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Restaurant Review: The Compasses Inn, Crundale

PUBLISHED: 10:24 04 November 2013 | UPDATED: 10:24 04 November 2013

The Compasses Inn, Crundale

The Compasses Inn, Crundale

Archant

I’ve just found my way to somewhere special

Where to find them:

The Compasses Inn

Sole Street, Crundale

CT4 7ES (phone 01227 700300, web www.thecompassescrundale.co.uk)

Battered by the storm and ready to embrace autumn in all its glory, anything other than a hideaway in the heart of the country with a blazing fire to boot would not suffice.

Tucked away in the village of Crundale, between Canterbury and Ashford, The Compassess Inn offered the perfect setting.

Highly recommended by a colleague, the historic pub was not that long ago taken over by Rob Taylor, former chef of the renowned Samphire restaurant in Whitstable.

And it seems his magic touch is working here.

Immediately won over by the warm, friendly atmosphere and typically countrified décor – dried hops, fire burning in huge fireplace, candles and so on – my guest and I settled down to what was, on a quick glance at the menu, a pub dinner with a difference.

The menu boasts much more than your traditional pub grub, with a selection of diverse and mouth-watering starters, including sweet pickled herrings with celeriac coleslaw, spiced crab pasties with sorrel mayo and fennel soup with Wye bakery sourdough.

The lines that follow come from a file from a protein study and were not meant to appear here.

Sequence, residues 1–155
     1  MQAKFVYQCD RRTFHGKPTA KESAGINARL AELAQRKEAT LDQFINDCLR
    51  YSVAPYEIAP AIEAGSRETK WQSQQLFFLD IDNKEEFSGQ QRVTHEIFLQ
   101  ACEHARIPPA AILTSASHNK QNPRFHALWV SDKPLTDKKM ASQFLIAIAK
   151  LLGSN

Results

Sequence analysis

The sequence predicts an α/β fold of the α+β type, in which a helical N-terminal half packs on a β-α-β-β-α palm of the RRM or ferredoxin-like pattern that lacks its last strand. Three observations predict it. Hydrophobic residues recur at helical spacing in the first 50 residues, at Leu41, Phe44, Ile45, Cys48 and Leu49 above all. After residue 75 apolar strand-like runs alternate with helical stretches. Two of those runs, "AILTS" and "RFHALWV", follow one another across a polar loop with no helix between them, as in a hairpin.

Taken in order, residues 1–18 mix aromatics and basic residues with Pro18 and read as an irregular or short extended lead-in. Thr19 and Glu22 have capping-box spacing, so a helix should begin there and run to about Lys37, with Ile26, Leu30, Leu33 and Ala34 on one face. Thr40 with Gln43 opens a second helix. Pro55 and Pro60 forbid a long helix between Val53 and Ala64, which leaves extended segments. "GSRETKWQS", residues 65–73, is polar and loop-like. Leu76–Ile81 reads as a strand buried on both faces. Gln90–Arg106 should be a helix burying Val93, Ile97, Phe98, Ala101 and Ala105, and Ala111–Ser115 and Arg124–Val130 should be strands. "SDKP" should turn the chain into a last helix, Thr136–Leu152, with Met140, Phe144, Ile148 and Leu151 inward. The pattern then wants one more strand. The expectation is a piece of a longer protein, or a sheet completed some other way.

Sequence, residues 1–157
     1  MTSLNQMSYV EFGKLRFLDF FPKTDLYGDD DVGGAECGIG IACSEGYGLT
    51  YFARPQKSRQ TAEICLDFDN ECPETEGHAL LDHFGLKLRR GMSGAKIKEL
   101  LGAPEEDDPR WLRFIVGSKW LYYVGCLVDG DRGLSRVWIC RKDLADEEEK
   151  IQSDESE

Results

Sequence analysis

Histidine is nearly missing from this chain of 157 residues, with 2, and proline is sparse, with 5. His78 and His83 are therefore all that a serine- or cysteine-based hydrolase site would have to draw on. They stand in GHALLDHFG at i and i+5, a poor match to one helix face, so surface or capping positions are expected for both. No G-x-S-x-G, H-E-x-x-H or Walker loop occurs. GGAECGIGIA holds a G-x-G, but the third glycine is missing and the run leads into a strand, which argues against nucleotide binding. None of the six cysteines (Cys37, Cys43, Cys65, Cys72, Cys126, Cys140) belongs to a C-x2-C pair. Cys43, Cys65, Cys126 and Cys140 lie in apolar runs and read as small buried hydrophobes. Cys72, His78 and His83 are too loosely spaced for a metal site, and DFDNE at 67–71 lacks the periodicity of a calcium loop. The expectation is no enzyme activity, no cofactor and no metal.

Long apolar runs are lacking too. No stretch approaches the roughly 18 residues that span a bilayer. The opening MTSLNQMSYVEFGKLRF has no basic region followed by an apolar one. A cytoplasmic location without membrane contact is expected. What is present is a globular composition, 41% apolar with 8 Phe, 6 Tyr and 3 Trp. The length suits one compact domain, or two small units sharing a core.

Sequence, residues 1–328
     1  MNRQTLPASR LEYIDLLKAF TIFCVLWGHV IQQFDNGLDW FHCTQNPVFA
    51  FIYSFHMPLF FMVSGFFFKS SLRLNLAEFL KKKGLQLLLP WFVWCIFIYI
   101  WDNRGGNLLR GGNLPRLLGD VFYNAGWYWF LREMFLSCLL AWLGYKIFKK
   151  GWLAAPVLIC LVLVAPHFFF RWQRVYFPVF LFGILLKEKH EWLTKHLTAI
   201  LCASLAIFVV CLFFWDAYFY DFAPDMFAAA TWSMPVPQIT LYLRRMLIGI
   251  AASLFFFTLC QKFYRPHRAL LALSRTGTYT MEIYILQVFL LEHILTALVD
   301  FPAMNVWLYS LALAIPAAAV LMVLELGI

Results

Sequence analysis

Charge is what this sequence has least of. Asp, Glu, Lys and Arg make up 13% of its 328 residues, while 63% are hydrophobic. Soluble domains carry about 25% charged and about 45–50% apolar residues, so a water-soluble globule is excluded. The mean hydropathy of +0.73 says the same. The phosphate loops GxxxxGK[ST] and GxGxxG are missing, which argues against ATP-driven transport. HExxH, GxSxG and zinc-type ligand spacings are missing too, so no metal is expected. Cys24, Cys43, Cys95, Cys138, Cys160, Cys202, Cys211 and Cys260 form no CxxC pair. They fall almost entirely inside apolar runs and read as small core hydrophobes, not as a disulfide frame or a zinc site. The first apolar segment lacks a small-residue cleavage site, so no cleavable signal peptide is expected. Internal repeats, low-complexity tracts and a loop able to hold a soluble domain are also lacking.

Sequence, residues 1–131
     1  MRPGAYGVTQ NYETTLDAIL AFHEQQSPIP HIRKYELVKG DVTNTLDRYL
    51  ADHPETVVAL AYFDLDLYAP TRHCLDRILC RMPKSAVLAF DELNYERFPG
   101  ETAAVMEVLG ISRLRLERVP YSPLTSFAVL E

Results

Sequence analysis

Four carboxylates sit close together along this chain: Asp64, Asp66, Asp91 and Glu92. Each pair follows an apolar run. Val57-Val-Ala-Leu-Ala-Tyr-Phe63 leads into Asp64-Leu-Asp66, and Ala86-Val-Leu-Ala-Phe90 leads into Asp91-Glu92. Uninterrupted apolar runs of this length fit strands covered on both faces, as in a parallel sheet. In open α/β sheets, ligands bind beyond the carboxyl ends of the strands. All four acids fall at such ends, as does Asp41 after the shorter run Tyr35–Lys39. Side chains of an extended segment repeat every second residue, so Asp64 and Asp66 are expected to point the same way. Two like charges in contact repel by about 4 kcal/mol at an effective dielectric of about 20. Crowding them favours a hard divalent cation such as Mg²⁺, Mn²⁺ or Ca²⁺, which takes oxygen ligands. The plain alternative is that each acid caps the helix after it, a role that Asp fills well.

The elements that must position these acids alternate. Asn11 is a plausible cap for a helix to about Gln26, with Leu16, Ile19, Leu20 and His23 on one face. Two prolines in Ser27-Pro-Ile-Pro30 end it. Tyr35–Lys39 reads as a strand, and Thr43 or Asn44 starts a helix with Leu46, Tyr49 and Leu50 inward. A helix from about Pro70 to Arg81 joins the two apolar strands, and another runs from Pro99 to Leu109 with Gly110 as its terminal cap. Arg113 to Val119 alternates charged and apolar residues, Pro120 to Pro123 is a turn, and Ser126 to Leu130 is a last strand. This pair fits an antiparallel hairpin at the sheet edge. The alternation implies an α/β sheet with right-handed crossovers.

We shared the seared pigeon breast with apples and blackberries and the crispy ham hock spring roll with cider and sage dip.

The pigeon was the winner, flavour bursting from every element on the plate and the meat just melt-in-the-mouth delicious. The spring roll was great, too, the cider and sage dip being particularly good.

For its main-course offerings, the menu again did not disappoint.

I chose the butternut squash and Kentish blue bluebell pudding, a dish that, while looking slightly unusual, delivered that homely, warm taste experience with the flavour of strong blue cheese running through it.

My guest opted for old-spot pork belly with merguez sausage and mash, which was presented beautifully with flavours to match.

If I had to find something to criticise in the meal, it would be the bread and dripping, which I felt lacked flavour.

Despite being full and feeling ready to curl up in front of the big fireplace and fall asleep, the dessert menu was just too tempting to turn down.

I chose the selection of cheeses, which included Farmhouse Ashmore Cheddar, Two Hoots blue cheese, goat’s curd and Burwash rind.

My guest went for a lemon drizzle cake with raspberry ripple ice-cream, which he wolfed down before I had a chance to try – testament to the flavour, I’d imagine.

The Compassess is one of a number of venues offering a country-pub experience combined with traditional- meets-contemporary dishes.

Some miss the mark; this one hits the nail right on the proverbial head. Great atmosphere, even better food and a place to which I shall return. The bill came to £69.

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